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October 23, 2019

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School District has one bear of a computer system, but it’s hibernating

$35 million and counting, it’s only partly done, and money to complete it has run out

Updated Monday, March 10, 2008 | 3:30 p.m.

Beyond the Sun

Officials knew the Clark County School District’s new computer system was going to cost at least $33 million. They pressed forward, saying it would make employees more efficient, resolve auditors’ long-standing concerns and save so much money by consolidating services that it would pay for itself in three to five years.

Initially, the project was supposed to have been completed by January 2007.

But now, $35 million later, the still unfinished system is being put on hold — to save money.

It will remain on ice for at least a year, saving an estimated $6 million while the district waits for the 2009 Legislature. The hope is that lawmakers will appropriate at least $12 million more to finish the project.

As of Feb. 28, 15 of the 16 consultants hired for the project had been booted from the district’s payroll. Each had been paid from $100 to $300 an hour — for a total of about $642,000 a month.

That amount made Clark County School Board Vice President Terri Janison gasp when the monthly bill was brought up at a board meeting last week.

“It seems like we’re making a lot of consultants rich,” Janison said. “With numbers like that, it has to make more sense to hire employees.”

Keith Bradford, an assistant superintendent supervising the computer project, countered that the district didn’t have employees with the skills necessary for highly specialized work. And later, no new staff positions were added to shift the work away from the consultants, so the district is keeping one consultant onboard — at a rate of $28,000 a month — to continue to help with the portion of the system that is up and running. Bradford said he wants to shift that consultant’s workload to a new full-time employee, but that will depend on whether funding is approved for the new hire.

By the time the remainder of the project is revived, Bradford said, the district will have found cheaper consultants or transferred the duties to full-time employees.

“Just like a bear that goes into hibernation, when he comes out he’s lean and ready to go,” Bradford said. “We’re not going to make the same mistakes.”

The exact cost of “waking up” the program and finishing implementation is difficult to predict, said Jeff Weiler, the district’s chief financial officer. The longer the delay, the more likely the price will go up, he said. If the Enterprise Resource Planning project, or ERP, as school officials call it, had stayed on track, the final cost was expected to be $47 million.

“It would have been nice to see the project through this year,” Weiler said. But, he added, given that the district is struggling to comply with Gov. Jim Gibbons’ call for it to cut $66 million from its budget over the biennium, postponing the computer system “is the prudent thing to do.”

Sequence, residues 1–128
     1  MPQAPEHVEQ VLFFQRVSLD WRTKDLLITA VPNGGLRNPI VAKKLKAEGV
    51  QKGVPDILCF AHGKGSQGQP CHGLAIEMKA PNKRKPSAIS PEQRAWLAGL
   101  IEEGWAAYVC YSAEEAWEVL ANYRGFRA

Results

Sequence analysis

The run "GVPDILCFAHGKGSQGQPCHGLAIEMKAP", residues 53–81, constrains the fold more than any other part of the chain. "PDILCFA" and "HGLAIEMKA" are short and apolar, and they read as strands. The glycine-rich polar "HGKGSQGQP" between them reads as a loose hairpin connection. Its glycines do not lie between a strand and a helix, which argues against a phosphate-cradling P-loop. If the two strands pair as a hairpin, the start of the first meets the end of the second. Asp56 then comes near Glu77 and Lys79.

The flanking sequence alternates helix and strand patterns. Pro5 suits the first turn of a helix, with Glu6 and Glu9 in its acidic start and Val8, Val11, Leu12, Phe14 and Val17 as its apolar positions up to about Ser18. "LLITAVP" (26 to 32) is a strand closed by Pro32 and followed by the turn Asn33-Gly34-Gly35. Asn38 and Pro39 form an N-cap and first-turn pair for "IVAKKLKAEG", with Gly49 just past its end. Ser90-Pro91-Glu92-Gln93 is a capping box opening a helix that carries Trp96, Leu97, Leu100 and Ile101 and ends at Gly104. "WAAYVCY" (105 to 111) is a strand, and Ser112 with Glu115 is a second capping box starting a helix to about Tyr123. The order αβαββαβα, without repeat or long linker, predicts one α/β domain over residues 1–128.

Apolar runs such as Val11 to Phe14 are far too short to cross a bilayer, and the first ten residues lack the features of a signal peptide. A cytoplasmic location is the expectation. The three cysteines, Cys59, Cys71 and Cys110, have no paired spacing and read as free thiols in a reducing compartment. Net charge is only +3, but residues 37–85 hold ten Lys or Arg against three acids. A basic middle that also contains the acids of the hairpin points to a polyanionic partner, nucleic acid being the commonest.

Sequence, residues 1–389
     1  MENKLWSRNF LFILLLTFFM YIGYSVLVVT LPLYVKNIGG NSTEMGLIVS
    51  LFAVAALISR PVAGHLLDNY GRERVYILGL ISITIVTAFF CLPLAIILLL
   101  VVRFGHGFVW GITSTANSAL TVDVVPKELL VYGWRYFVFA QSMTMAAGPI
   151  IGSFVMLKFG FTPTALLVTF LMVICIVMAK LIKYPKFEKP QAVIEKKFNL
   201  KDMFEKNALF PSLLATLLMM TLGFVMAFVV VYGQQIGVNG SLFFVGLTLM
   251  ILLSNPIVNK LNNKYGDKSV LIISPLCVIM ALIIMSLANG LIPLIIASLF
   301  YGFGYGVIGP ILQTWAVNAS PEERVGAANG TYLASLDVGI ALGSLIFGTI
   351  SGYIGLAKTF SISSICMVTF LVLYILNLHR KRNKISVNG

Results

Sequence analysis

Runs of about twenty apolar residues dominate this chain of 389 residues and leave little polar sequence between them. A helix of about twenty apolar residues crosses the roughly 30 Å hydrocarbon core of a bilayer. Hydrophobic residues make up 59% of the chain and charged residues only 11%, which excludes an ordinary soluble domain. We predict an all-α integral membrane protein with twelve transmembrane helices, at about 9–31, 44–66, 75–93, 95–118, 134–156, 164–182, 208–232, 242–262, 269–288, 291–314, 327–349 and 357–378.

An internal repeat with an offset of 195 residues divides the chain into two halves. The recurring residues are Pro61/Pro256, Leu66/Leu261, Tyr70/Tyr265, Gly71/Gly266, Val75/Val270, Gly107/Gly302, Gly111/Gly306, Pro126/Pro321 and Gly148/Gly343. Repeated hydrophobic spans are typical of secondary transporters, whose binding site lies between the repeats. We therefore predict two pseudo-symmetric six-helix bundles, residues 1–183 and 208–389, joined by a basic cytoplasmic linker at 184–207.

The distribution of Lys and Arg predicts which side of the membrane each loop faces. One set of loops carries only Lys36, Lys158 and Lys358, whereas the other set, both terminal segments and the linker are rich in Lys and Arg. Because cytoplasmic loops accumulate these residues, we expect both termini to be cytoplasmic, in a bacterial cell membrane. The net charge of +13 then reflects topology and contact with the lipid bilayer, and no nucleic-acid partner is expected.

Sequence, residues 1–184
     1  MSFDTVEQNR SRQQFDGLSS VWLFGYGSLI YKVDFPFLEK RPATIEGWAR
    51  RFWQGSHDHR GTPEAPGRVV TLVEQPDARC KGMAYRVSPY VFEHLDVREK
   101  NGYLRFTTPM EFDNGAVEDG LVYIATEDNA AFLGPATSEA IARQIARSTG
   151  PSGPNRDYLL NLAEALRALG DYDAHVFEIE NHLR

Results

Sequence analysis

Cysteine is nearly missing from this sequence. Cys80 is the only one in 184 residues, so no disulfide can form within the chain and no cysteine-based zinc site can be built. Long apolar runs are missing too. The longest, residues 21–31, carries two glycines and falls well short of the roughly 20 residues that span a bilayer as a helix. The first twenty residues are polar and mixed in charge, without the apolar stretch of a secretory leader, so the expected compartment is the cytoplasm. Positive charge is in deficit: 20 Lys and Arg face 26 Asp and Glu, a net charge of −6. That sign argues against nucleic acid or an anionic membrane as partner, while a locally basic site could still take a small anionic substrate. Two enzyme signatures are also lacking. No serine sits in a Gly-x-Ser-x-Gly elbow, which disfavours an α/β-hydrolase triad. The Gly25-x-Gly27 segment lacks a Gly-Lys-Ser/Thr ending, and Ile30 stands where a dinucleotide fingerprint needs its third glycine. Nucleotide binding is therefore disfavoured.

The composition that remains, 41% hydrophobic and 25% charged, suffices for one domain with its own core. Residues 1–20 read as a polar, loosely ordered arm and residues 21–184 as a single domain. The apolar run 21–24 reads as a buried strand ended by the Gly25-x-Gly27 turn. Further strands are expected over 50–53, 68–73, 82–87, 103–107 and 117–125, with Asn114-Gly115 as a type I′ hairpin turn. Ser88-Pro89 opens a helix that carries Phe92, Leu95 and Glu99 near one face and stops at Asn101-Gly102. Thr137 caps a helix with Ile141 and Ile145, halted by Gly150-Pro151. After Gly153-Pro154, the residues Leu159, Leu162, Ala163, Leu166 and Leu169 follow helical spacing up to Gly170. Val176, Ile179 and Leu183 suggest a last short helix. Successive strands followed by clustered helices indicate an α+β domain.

“What if the technology changes so much that the system is useless?” Janison wondered aloud in an interview with the Sun after the School Board meeting. “That’s my big fear here.”

So, is there a chance the district will find itself with the equivalent of a VCR in a world of Blu-ray disks?

“If you hibernate for three months, nothing will change,” said Andrew Beck, vice president of Metaformers Inc. of McLean, Va., which has helped dozens of school districts implement ERP systems. “If you hibernate for five years, there will be a shift in technology and that can present some problems.”

In a recent audit commissioned by the Legislature, the School District was criticized for having departments using multiple — and often incompatible — computer systems. That echoed the findings of past independent auditors hired by the district to review its operations and finances.

The new computer system was supposed to streamline operations and allow five key departments to easily share information online for the first time. But coordinating the departments turned out to be more difficult and more expensive than projected.

So far only two departments, finance and purchasing, have switched to the new system. For the time being, the payroll, human resources and teacher recruiting departments will continue to use older computer systems.

Clark County is not the only school district struggling with ERP projects. Los Angeles Unified, the nation’s second-largest school district, spent $95 million on the same SAP ERP software program used by Clark County. Los Angeles Unified’s payroll department had the system in place in June when more than 30,000 employees were paid the wrong amounts. As a result of the massive payroll system failure, the district has indefinitely delayed expanding the new system to other departments.

Editor’s Note: This story has been corrected. In an earlier version, the last paragraph referered to the ERP software used by Clark County as being from Sun Microsystems rather than from SAP.

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